Clean up work is typically carried out by small and medium-sized oil and gas service firms. Those firms employ nearly 60,000 people across the three provinces. Clean-up work would be considered an essential service under the government’s Guidance on Essential Services and Functions in Canada During the COVID-19 Pandemic.
As part of this funding, local landowners will have the ability to nominate and prioritize wells for remediation, and funding will be prioritized to companies that are in good standing with respect to municipal taxes.
As part of these agreements, the Government of Alberta has committed to implement strengthened regulation to significantly reduce the future prospect of new orphan wells. This will create a sustainably funded system that ensures companies are bearing the costs of their environmental responsibilities.
The funding program will have oversight from a federal-provincial committee, and the federal government will ensure municipal and Indigenous engagement.
Reducing Greenhouse Gas Emissions in the Oil and Gas Sector
$750 million is allocated to Natural Resources Canada over two years, starting in 2020-21, to create a new repayable loan program to work with conventional and offshore oil and gas companies to reduce their greenhouse gas emissions. Of this amount, $75 million will be allocated to investments in the offshore sector. A portion of these loans will be convertible to grants.
Canada’s oil and gas sector is the source of 43% of our methane emissions, which is one of the most potent greenhouse gases. This program will support eligible energy sector firms in making capital investments necessary to reduce greenhouse gas emissions, with a focus on methane. For example, the program could support investments in pumps, valves and other capital equipment that will reduce methane emissions. The support will help keep workers employed, and will assist firms that are preparing to make changes in order to comply with provincial requirements or federal methane regulations (Regulations Respecting Reduction in the Release of Methane and Certain Volatile Organic Compounds (Upstream Oil and Gas Sector)).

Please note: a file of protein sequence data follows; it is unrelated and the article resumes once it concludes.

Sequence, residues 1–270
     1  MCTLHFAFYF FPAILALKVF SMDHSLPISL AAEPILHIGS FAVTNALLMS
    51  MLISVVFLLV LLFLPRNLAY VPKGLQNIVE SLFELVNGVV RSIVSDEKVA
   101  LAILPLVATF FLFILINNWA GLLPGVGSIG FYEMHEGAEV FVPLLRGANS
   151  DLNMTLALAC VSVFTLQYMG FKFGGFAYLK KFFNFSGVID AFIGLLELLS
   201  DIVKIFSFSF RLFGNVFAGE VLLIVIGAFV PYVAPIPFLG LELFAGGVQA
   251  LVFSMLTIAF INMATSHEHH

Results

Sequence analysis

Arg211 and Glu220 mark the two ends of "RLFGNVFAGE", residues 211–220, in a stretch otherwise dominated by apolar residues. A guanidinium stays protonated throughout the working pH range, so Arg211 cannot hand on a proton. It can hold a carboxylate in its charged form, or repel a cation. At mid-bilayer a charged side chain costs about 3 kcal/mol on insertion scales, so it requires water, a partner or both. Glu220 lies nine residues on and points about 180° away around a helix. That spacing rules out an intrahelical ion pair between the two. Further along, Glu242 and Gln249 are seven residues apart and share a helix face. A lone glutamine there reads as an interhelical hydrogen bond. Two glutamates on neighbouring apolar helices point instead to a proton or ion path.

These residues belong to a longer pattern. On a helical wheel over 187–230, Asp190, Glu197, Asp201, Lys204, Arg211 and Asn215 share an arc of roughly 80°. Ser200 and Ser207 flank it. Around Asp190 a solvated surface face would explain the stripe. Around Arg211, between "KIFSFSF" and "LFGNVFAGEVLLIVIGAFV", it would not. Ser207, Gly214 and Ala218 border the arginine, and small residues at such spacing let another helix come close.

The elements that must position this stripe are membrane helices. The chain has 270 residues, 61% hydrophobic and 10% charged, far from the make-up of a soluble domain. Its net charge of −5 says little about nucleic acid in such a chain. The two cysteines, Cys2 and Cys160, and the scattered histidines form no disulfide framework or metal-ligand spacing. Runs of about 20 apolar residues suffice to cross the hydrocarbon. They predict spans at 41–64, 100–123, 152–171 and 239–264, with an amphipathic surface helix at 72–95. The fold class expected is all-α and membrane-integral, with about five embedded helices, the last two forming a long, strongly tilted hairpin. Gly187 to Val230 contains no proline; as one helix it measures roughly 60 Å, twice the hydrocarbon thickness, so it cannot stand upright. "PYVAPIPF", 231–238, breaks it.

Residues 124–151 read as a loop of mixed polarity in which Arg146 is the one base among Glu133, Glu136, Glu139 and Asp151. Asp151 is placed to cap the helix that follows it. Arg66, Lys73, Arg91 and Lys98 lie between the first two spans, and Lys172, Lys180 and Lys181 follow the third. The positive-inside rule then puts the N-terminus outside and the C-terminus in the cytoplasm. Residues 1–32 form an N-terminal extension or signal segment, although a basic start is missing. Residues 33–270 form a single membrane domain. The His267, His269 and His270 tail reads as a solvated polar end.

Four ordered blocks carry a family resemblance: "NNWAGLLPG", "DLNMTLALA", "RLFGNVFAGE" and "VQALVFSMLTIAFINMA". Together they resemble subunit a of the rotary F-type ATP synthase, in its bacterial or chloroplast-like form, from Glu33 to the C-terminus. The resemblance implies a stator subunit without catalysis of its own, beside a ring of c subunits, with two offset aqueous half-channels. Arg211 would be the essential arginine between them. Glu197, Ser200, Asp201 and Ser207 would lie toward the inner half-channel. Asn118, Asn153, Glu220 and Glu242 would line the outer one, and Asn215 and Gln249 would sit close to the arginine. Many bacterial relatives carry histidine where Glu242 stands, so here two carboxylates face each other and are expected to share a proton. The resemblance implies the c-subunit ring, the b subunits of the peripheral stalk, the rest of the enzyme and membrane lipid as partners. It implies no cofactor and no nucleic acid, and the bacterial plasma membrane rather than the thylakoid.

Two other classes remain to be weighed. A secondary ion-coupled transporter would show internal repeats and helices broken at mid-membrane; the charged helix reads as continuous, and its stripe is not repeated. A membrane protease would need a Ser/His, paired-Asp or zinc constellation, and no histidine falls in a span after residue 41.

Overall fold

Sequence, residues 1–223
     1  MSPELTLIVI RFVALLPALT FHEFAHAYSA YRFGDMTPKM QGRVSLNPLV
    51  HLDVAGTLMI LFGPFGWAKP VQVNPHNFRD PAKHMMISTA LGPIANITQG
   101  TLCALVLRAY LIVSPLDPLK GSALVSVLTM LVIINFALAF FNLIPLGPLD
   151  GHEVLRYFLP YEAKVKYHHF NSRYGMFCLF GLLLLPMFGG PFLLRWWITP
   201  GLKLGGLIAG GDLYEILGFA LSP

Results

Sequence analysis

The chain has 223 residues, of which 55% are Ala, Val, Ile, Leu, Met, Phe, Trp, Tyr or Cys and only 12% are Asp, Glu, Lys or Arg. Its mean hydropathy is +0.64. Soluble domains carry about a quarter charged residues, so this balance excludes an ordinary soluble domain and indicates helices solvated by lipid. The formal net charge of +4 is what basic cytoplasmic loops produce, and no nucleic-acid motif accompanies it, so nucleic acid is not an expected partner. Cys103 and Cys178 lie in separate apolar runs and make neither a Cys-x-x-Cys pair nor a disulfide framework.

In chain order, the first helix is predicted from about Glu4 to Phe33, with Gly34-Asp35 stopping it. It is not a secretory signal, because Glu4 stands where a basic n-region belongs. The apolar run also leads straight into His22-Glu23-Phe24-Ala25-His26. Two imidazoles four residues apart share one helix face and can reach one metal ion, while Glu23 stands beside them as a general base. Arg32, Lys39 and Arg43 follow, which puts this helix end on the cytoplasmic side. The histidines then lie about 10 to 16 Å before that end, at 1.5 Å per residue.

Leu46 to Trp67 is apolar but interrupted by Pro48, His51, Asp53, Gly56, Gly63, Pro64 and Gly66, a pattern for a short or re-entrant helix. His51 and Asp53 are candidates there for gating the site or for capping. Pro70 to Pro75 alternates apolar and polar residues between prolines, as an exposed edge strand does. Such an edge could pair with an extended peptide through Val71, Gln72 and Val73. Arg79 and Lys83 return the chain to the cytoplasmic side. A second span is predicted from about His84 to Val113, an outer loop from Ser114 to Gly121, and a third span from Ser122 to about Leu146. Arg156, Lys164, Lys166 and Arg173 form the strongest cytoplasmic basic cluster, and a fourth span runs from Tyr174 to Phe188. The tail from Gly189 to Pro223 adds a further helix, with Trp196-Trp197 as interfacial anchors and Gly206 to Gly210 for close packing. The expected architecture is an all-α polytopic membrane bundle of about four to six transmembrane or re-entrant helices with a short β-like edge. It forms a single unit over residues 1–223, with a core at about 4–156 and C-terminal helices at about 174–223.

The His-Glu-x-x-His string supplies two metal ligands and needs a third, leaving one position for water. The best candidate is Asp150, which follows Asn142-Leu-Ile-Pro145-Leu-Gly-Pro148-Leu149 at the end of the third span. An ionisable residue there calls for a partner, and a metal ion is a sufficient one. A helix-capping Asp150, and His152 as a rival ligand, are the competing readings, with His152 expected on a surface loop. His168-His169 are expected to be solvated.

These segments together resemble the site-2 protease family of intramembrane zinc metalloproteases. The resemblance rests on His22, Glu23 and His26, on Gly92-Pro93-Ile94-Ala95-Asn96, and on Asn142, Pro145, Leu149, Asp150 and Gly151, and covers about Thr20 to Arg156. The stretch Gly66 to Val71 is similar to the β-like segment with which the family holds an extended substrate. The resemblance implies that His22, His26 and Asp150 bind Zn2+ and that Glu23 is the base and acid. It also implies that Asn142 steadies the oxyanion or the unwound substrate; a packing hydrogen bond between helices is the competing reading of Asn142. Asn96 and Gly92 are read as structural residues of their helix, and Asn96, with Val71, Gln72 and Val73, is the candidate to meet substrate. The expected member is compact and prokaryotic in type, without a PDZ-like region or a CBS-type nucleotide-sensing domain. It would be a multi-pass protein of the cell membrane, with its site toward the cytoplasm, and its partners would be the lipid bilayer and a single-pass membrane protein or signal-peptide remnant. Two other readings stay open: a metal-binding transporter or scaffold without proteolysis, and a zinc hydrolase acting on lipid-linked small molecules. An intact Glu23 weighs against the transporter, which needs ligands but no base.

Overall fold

Business Credit Support for the Energy Sector
On March 13, 2020, the government announced the establishment of a Business Credit Availability Program (BCAP) to help Canadian businesses obtain financing during the current period of significant uncertainty. With today’s announcement, the government is proceeding to expand BCAP credit support to medium-sized businesses with larger financing needs, beginning with companies in Canada’s energy sector.
This support, provided by the Business Development Bank of Canada (BDC) and Export Development Canada (EDC), will provide viable energy sector companies with rapid access to the financing they need to maintain operations and keep their employees working.
The support will flow to Canadian energy sector companies to sustain access to reserve-based credit, help firms to maintain access to the transportation and storage system, and provide additional working capital.
These offerings aim to provide a range of energy companies that were financially viable before the COVID-19 crisis with several options to meet individual credit needs. Borrowing companies could choose between the offerings to tailor credit to individual needs.
In the near term, additional broad-based credit solutions will be made available for small and medium-sized firms in other sectors, such as forestry, retail and others, whose financing needs are similarly larger than the current solutions available under the BCAP.
Source: Department of Finance Canada